There are more than 1,400 business incubators in the U.S., according to the National Business Incubator Association. These incubators are thought of as giving a helping hand to startups and entrepreneurs, providing them with a variety of services, from the basics like Internet access and office space to guidance about things like business finance, making presentations, raising money and managing intellectual property.
Although the terms incubator and accelerator get thrown around a lot, the main difference between these two entities has historically been that incubators are a shared work space with many other startups and no particular ending date to their stay. Accelerators are more programmatic, involving a cohort of startups that participate for about 3-4 months and then “graduate.”
Researchers at the Kauffman Foundation recently analyzed more than 35 academic articles about business incubators—including a review paper that systematically examined 38 studies—and found some important takeaways from the literature.
Yas Motoyama, director of research and policy at Kauffman and his research assistant, Emily Fetsch, found that despite the hype around incubators about the help they give startups, they may not be doing any better at launching successful businesses than entrepreneurs outside of incubators.
“The research hasn’t proven that businesses are more successful if they come out of an incubator,” says Fetsch.
Incubators promise a lot of resources to startups, like office space, printers, paper, events, networking, assistance connecting startup founders to funders, help with presentations and many other services, says Fetsch. “But the average incubator actually has less than two full-time staff and 25 businesses. That’s a lot of service to provide for two people. So are they really providing all the services they say? It seems unlikely,” she says.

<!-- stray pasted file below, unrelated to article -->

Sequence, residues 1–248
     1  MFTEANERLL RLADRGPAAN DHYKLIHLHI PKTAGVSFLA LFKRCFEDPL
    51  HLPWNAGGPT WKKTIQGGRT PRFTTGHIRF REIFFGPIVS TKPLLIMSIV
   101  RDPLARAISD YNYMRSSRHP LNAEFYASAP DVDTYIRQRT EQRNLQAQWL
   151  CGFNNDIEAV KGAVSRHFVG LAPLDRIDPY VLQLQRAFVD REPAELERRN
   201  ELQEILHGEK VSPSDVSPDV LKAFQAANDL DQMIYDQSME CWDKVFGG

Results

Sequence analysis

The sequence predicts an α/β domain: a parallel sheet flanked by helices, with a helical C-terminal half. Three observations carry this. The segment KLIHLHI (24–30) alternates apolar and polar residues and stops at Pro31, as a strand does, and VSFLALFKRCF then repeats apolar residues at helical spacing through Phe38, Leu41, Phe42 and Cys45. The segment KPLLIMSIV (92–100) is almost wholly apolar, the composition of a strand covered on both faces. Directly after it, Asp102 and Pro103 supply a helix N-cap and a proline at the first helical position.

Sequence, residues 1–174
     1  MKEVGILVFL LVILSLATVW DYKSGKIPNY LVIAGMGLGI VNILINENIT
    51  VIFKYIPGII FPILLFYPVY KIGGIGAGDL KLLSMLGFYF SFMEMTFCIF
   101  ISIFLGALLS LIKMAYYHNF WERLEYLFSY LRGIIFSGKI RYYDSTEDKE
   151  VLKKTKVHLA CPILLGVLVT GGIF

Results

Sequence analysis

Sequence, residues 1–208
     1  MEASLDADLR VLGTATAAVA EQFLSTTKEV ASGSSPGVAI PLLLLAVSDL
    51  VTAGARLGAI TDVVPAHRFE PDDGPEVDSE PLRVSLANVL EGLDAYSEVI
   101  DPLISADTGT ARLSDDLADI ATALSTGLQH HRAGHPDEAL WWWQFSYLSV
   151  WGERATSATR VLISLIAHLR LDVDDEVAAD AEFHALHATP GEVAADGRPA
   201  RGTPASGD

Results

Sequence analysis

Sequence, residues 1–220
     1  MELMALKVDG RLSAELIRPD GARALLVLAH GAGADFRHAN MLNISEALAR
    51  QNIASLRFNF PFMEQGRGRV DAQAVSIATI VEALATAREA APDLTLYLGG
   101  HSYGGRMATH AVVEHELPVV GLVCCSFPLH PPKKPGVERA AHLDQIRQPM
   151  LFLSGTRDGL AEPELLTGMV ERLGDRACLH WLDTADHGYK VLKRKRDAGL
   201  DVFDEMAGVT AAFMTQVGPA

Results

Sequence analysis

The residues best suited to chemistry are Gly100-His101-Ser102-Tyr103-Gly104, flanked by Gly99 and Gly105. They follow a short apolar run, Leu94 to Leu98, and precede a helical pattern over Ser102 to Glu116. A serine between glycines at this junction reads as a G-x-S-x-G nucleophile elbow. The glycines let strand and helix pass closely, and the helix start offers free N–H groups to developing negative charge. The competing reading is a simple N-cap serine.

Although incubated businesses have slightly higher employment, growth and sales, they also have slightly lower survival rates after they graduate. Overall, say the researchers, the difference in performance between incubated and unincubated businesses is marginal. One research paper Fetsch examined found no significant difference between incubated and non-incubated businesses. She cautions that one paper isn’t enough to determine whether or not incubators work, but she’s also concerned that so many entrepreneurs, policymakers and incubator providers believe incubators are a boon for startups. “There’s no evidence of that yet,” says Fetsch.
Motoyama and Fetsch also note a trend that’s been happening in the last three years, of incubators trying to rebrand themselves as accelerators. (A few well-known accelerators are Y Combinator and Techstars.) “There’s something about supporting entrepreneurship,” says Motoyama, “people tend to go for the trendy thing. If there’s some kind of new, emerging successful thing, people try to jump on that.” He says there’s no convincing research yet as to the effectiveness of accelerators. “Y Combinator and TechStars seem to be outliers. They are totally different players, unlike the vast majority of accelerators.”